Locked Up: Behind Ontario’s Solitary Confinement

Srijoni Rahman

White lights blaring from above, it was impossible to tell whether it was night or day. In the deafening silence of the room, even his breath seemed to echo across the tiny Plexiglas cell. The isolation, the constant stream of white light above his head was suffocating, crushing his lungs under the weight of the silence. It was only supposed to be for a few days at a time. At least that’s what Adam Capay, a member of Lac Seul First Nation, was told.

Adam Capay

In 2011, the United Nations found that solitary confinement for more than fifteen consecutive days can constitute “torture or other cruel, inhuman or degrading treatment or punishment.” Nonetheless, until 2016, an Ontario inmate could be placed in solitary confinement for 30 consecutive days. In paper, the regulation stood sternly but the reality was quite different. In October of 2016, when the Chief Commissioner of the Ontario Human Rights Commission, Renu Madhane, visited the Thunder Bay Jail, Capay was still living in solitary confinement. By then, Capay had been there had begun to develop suicidal and self-harm tendencies. Following the Commissioner’s visit, Ontario capped solitary confinement to 15 consecutive days while the Minister of Correctional Services committed to launch an external review of Ontario’s prison system.

Six months later, on April 24, 2017, Ombudsman of Ontario Paul Dubé released his report, Out of Oversight, Out of Mind, outlining the plight of inmates living in solitary confinement. Dubé’s report exposed the reticence and negligence of prison staff, officers and the Ministry towards the inmates. While there are large inconsistencies in defining what “segregation” even entails, the province does a sub-par job of tracking inmates that are placed in solitary confinement.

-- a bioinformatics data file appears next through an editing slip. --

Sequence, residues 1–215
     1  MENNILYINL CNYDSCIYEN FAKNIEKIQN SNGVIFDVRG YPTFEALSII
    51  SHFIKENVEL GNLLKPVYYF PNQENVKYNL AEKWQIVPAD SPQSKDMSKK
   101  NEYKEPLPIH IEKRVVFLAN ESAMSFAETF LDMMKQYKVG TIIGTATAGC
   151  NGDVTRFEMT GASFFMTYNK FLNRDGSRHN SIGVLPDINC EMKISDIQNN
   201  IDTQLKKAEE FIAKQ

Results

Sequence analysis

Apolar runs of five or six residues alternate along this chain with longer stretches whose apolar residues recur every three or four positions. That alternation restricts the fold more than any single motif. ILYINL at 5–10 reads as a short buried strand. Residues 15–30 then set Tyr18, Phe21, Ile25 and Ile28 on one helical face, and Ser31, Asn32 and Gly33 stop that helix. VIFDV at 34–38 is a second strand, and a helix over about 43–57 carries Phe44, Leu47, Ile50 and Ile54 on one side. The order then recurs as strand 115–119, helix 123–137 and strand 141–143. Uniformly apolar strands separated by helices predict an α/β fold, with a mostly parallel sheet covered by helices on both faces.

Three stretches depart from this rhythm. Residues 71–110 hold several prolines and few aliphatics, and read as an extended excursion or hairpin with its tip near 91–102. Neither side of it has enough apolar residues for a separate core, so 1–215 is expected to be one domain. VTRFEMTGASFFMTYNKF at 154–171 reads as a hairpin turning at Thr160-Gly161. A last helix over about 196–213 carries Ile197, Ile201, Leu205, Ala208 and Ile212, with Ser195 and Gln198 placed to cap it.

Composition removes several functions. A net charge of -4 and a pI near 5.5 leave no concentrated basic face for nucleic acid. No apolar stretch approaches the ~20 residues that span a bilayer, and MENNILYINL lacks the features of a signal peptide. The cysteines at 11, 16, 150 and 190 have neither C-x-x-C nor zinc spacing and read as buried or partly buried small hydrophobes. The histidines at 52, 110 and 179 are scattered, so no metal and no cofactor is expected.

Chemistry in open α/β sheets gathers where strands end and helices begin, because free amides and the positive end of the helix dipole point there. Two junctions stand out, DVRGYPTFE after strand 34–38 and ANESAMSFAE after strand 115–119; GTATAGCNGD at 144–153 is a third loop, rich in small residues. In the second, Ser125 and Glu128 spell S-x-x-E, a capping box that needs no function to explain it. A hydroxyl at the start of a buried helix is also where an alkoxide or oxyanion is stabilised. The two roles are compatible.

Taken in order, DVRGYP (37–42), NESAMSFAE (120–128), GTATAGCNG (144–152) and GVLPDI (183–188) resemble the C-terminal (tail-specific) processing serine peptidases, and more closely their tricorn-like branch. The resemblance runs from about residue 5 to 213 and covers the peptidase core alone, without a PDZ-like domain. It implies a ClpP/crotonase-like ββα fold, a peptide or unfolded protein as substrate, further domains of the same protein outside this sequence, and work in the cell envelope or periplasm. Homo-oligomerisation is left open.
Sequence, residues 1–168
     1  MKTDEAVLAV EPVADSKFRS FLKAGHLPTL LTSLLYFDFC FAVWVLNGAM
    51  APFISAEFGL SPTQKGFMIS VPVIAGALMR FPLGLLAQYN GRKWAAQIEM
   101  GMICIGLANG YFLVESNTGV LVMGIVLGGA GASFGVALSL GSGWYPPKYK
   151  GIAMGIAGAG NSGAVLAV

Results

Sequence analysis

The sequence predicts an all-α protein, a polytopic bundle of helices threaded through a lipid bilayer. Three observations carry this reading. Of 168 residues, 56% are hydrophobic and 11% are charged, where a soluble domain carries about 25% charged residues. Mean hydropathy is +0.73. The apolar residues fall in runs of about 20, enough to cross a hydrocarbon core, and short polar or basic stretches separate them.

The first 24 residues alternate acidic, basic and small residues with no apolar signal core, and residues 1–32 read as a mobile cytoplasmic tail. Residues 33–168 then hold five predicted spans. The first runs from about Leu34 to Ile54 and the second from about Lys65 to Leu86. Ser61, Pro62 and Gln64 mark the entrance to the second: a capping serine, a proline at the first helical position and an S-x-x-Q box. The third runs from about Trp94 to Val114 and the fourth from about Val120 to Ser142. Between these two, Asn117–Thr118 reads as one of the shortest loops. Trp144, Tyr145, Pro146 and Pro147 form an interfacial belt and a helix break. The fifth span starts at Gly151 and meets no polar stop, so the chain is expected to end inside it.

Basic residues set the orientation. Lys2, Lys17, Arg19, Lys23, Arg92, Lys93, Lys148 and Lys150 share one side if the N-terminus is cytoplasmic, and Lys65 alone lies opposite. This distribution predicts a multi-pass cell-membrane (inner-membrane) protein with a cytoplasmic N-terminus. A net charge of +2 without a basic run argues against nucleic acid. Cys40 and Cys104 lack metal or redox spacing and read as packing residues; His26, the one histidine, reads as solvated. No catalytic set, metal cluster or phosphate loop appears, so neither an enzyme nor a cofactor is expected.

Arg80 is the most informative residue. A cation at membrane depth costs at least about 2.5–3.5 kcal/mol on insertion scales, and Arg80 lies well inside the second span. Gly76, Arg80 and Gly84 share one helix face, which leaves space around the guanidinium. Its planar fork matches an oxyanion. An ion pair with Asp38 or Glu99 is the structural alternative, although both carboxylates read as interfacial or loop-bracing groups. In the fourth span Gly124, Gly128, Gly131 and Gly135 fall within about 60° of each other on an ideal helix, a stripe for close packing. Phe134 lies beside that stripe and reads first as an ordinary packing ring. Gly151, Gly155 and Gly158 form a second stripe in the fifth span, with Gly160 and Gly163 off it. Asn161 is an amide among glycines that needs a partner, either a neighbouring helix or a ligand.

For instance, tracking data stated that Adam Capay was held in solitary confinement for 50 days when, in reality, it was a total of 1591 days. In other cases, administrative data had both “yes” and “no” boxes checked off for questions asking if an inmate had a mental illness prior to being placed in solitary confinement. During the investigation, a prison official noted, “we probably track livestock better than we do human beings.” Only 2% of those placed in solitary confinement are there because of committing a crime while in prison. Most of the inmates in segregation are placed there because they require protection. The Ombudsman’s report highlights the need to find other solutions to protect an inmate rather than placing them in segregation.

The use of segregation as a means to punish an individual is line with Michel Foucault’s famous work, Discipline and Punish: The Birth of the Prison, outlining the shift of punishment from the body to the soul. In his book, he argues that prior to the 1700s, punishment for criminal offences entailed physically inflicting pain upon the human body in public. The spectacle was meant to teach others the dangers of disobeying the law. Yet, as time evolved, punishment targeted the mind or the “soul.” This modern-day punishment occurs in isolation, away from the public eye, and is meant to emotionally and mentally break down an individual. Prison sentences and solitary confinement are the main mechanisms through which this mode of chastisement is achieved.